3 Techniques to Ground You When Feeling Anxious
I need grounding techniques because I carry a diagnosis of posttraumatic stress disorder (PTSD). This diagnosis has many symptoms that I have struggled to gain control of over the years, the most prevalent being my severe anxiety.
I experience anxiety most when I am in large crowds or crowds that are less than accepting. After a year in the pandemic with social distancing being the norm, my anxiety has gotten progressively worse. I have learned new techniques to stay grounded when my anxiety sets in. These are three grounding techniques that have worked for me.
My Favorite 3 Grounding Techniques
1. Focus on What You Can Control When Anxiety Strikes
I am an outgoing individual, and everyday trips to the store never caused me anxiety. Now that we have spent a year being away from others and being told to socially distance and isolate, crowds at the store cause me to feel anxious. Upon walking into a crowded grocery store, my anxiety triggers are immediately present. My palms begin to sweat, I can't focus on conversation, and all sounds feel amplified. These triggers let me know I need to take action before my anxiety becomes a full-blown panic attack.
I begin by assessing what I can control. I am unable to control the sound of the music or the store inhabitants. I can control where my focus lies. A few deep breaths, and I can begin turning my attention inward to focus on what items I need and where they reside in the store.
2. Do Not Let Anxiety Take Your Breath Away
One of those triggers I mentioned above includes irregular breathing. Often when we begin to feel anxious, we do not notice our breathing is irregular until it is past the point of return. What if you could regulate your breathing so that the rest of your physical reactions would also begin to subside?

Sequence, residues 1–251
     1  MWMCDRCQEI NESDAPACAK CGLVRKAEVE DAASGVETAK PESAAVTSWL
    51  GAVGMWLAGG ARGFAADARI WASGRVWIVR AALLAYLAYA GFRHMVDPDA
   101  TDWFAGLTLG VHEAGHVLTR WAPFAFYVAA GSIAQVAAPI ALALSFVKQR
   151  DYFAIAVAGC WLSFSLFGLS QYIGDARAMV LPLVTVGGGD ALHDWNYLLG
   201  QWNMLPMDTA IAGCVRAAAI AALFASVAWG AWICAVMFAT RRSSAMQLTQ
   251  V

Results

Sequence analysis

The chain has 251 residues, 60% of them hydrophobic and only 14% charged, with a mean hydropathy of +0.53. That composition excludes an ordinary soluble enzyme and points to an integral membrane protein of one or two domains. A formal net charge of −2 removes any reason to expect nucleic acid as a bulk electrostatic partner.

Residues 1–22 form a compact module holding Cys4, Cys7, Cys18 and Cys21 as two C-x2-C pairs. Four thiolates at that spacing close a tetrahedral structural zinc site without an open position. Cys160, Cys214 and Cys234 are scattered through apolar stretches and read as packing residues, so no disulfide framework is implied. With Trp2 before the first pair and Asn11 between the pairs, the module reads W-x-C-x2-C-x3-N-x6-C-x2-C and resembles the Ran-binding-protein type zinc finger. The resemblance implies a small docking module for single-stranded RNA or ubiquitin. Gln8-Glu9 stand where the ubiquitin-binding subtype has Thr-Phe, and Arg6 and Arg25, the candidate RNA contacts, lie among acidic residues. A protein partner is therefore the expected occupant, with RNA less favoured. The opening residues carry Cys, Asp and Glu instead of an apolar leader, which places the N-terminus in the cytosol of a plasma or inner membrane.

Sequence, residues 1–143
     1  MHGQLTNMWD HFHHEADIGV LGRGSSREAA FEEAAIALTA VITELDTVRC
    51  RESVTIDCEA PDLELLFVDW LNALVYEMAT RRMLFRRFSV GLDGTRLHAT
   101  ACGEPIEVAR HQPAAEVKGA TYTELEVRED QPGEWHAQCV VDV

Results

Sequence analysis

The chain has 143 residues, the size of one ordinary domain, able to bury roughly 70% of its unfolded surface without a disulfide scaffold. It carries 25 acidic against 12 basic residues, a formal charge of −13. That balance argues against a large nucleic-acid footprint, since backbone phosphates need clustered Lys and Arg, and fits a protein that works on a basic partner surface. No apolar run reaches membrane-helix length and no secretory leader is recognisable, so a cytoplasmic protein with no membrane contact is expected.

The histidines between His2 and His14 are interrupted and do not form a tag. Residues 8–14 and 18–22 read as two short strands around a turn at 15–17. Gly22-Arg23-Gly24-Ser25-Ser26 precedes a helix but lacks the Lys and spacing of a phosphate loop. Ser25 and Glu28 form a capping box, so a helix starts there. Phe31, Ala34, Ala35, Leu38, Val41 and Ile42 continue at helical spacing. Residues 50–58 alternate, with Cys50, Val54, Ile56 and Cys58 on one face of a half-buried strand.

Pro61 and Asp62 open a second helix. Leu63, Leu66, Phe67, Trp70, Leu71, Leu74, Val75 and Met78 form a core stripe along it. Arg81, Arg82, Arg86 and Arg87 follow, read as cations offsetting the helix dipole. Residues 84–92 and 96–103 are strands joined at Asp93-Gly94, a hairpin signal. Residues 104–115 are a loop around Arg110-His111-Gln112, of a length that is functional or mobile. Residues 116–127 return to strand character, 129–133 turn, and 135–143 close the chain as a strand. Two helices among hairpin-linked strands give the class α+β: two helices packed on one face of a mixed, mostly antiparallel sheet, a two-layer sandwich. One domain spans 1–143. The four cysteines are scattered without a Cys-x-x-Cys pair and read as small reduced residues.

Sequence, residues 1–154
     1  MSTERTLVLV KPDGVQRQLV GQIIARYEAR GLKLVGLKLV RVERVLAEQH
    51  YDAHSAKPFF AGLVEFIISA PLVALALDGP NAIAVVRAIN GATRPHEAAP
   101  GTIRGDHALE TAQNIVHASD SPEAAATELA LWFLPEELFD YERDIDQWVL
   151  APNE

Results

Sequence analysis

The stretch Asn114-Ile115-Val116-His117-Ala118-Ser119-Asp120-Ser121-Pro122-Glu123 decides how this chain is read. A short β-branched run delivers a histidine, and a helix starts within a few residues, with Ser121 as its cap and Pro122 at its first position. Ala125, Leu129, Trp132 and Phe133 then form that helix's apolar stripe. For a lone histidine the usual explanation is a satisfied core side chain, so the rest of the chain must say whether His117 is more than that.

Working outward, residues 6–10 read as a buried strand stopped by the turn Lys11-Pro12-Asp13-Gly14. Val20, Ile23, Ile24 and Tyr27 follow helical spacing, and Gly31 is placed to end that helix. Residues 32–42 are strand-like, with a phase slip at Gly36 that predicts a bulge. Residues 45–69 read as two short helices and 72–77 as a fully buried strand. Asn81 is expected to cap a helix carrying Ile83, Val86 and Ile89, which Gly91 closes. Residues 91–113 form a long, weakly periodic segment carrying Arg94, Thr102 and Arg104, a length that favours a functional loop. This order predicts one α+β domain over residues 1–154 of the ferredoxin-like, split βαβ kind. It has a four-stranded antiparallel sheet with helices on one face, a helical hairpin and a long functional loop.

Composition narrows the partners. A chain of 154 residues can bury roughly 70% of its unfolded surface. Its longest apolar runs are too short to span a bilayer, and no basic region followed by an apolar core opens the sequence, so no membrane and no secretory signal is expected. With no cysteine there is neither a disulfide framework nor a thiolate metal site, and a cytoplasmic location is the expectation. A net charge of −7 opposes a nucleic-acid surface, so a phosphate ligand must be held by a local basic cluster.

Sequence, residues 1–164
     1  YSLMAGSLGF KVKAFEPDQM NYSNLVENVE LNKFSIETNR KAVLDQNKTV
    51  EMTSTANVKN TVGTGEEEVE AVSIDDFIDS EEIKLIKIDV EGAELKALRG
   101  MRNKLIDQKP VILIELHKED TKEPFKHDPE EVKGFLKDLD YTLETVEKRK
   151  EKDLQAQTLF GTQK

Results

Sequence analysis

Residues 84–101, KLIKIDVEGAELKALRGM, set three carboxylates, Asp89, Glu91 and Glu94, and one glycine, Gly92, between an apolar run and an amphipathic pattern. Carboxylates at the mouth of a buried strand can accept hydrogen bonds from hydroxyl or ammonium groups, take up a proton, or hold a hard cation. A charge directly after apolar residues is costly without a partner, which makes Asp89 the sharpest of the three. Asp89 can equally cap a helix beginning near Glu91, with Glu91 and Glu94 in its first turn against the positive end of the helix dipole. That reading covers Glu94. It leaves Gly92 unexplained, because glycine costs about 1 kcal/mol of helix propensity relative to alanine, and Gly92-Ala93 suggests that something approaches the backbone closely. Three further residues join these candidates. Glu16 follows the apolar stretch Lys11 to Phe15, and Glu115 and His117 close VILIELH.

My go-to technique is to close my eyes and just breathe. Yes, even in the middle of a crowded grocery store, I close my eyes and focus on my breathing when I notice it has quickened or is labored. This regulation of breathing can ground you in the present moment leading to your anxiety subsiding sooner.
3. Leave Your Assumptions and Anxiety at the Door
My gender expression can cause me anxiety at times. I am a lesbian woman who dresses in a more masculine way and has a short haircut. My outward appearance can cause others to judge me in public. I have experienced being asked what I am in regards to gender as well as called "sir" regularly. These types of uncomfortable situations cause me anxiety.
This leads to me avoiding certain places or being on high alert when I am in an establishment. Many individuals in the lesbian, gay, bisexual, transgender, queer, intersex, asexual, etc. (LGBTQIA+) community deal with similar anxieties when out in public. This can be caused by outward gender expression not matching the societal norm of what each gender should present as. Having to worry if your appearance will cause ridicule can be stressful and anxiety-inducing.
I have found that dropping my assumptions at the door before entering an establishment is the easiest way to rid myself of this anxiety. When I am met with situations where my LGBTQIA+ community involvement or gender expression is questioned, I educate those asking as opposed to feeling fear or anger.
These techniques have helped me navigate the pandemic lifestyle and those not as accepting of the LGBTQIA+ community. What techniques have helped your anxiety this past year? What techniques used to work but no longer help your anxiety? Leave your comments, stories, and thoughts below.
Nolasco, M. (2021, March 28). 3 Techniques to Ground You When Feeling Anxious, HealthyPlace. Retrieved on 2021, July 23 from https://www.healthyplace.com/blogs/thelifelgbt/2021/3/3-techniques-to-ground-you-when-feeling-anxious